By Stefan J. Bos, Chief International Correspondent Worthy News
TOKYO (Worthy News) - Christians who fled persecution at home have expressed concerns about their future in Japan as authorities threatened to deport a Nigerian Christian doctor who fled Islamist militants.
Dr. Gabriel Osaheni Aghedo, a long-time member of the St. Ignatius Church and its English choir in Tokyo, said he is facing a crisis after more than 30 years of living in Japan.
The financial support he received from Japan’s Refugee Assistance Headquarters (RHQ) was halted after he lost a case at the Tokyo Regional Court against his deportation order by immigration authorities.
The elderly Nigerian is now appealing the ruling amid fears Islamist terror group Boko Haram may kill Aghedo, a naturopathic doctor and author.
Aghedo, who provides free advice on holistic and naturopathic medicine, health, longevity, and productive longevity, angered the militants after authoring a book in Nigeria.
Boko Haram, which has threatened, kidnapped, and killed Christians, reportedly said that Aghedo’s book ‘Perpetually Healthy, Good-looking and Rich’ violated Islamic teachings.
“My sister and niece were also threatened by violence, and the family house was destroyed,” Aghedo said in comments to Worthy News. Even in recent years, his relatives “were threatened and afraid to return home,” he explained.
Individual Christians and activists said they launched a signature campaign on the website Change.org for his refugee case in Japan “so that he will be granted the right to work again.”
“Gabriel has already suffered greatly with repeated detentions in the immigration detention center. And by being denied the right to work while on provisional release,” said Thomas (Tom) Eskildsen, a Christian campaigner.
“Now that the aid from the RHQ has been stopped, his very survival is under threat. Gabriel is currently owing more than six months house rent and many other bills,” Eskildsen told Worthy News.
“We all know him as a dedicated prayer warrior …for the healing of the sick, relief for the suffering, and comfort for the lonely. We also know that he is a generous soul, always willing to reach out and help others in whatever way he can,” Eskildsen added.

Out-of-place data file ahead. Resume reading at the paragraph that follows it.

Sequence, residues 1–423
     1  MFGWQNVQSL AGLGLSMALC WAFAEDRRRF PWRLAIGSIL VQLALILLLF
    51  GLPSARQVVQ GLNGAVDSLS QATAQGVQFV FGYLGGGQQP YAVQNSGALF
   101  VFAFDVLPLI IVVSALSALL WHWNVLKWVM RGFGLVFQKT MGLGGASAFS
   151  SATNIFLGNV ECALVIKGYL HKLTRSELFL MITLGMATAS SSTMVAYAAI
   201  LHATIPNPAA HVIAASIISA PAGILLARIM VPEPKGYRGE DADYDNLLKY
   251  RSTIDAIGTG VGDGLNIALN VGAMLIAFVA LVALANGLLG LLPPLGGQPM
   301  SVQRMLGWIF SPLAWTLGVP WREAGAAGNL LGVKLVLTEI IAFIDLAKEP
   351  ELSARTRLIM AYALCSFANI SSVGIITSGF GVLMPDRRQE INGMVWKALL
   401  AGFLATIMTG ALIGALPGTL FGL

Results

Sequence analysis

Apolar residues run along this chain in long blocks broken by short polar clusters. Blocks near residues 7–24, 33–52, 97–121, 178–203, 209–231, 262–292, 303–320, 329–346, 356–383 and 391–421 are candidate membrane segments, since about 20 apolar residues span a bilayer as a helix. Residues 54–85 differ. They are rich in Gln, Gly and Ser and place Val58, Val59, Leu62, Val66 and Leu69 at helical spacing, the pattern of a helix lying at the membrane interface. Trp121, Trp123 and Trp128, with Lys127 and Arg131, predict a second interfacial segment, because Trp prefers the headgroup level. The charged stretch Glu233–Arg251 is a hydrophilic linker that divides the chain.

The case has underscored broader concerns among persecuted Christians, including Mark Huda Junayed Fino, an evangelist who fled Bangladesh several years ago.
“The Okinawa Immigration Bureau in Japan decided to interview me for two days last year, but I still don’t have an answer,” he told Worthy News.
Fino, 29, confirmed in 2016 that he was threatened by the Islamic militant group Harkat-ul Jihad Islami with death if he remains a believer in Jesus Christ.
In the letter, seen by a Worthy News reporter, the group purportedly wrote: “You have become converted to Christianity by giving up the religion of Islam, which is a great crime according to Shariah [Muslim law] and an offense punishable by death.”
The commander, whose name was difficult to see, wrote that he and his militants receive “virtue” by “killing one who rejects Islam and a Jew.”
Fino said he also had to flee as he had been rejected by his Muslim father, who allegedly sent him text and photo messages. They include a picture of a topless woman on the Viber mobile phone service accompanied by harsh words about his late mother who committed suicide: “Your mother was such as this prostitute, so you are a bastard.”
He forgave him, saying he hopes his father will “one day become a believer in Jesus Christ.” The threats against the evangelist come amid international concerns about Islamic extremism in Bangladesh and other nations, with many Christian refugees ending up in Japan.
Yet, Japan is reluctant to accept them. And, Fino suggests, the possible deportation of the Nigerian doctor shows that more persecuted Christians could be sent home by Japan’s immigration authorities.